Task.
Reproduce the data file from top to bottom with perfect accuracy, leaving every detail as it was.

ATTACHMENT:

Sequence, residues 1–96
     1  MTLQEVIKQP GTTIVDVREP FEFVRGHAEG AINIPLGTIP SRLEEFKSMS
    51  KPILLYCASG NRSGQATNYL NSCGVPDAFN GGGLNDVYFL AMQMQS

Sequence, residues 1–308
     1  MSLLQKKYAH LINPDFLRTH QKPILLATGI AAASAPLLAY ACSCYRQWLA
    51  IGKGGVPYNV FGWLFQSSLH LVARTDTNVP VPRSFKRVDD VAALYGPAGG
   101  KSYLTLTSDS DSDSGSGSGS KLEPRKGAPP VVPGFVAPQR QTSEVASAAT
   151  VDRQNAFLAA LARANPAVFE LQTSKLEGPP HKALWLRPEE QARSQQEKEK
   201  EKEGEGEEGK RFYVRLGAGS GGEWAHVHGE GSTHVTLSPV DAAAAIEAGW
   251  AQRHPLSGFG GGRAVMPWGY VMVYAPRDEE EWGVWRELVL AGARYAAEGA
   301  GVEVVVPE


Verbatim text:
Sequence, residues 1–96
     1  MTLQEVIKQP GTTIVDVREP FEFVRGHAEG AINIPLGTIP SRLEEFKSMS
    51  KPILLYCASG NRSGQATNYL NSCGVPDAFN GGGLNDVYFL AMQMQS

Sequence, residues 1–308
     1  MSLLQKKYAH LINPDFLRTH QKPILLATGI AAASAPLLAY ACSCYRQWLA
    51  IGKGGVPYNV FGWLFQSSLH LVARTDTNVP VPRSFKRVDD VAALYGPAGG
   101  KSYLTLTSDS DSDSGSGSGS KLEPRKGAPP VVPGFVAPQR QTSEVASAAT
   151  VDRQNAFLAA LARANPAVFE LQTSKLEGPP HKALWLRPEE QARSQQEKEK
   201  EKEGEGEEGK RFYVRLGAGS GGEWAHVHGE GSTHVTLSPV DAAAAIEAGW
   251  AQRHPLSGFG GGRAVMPWGY VMVYAPRDEE EWGVWRELVL AGARYAAEGA
   301  GVEVVVPE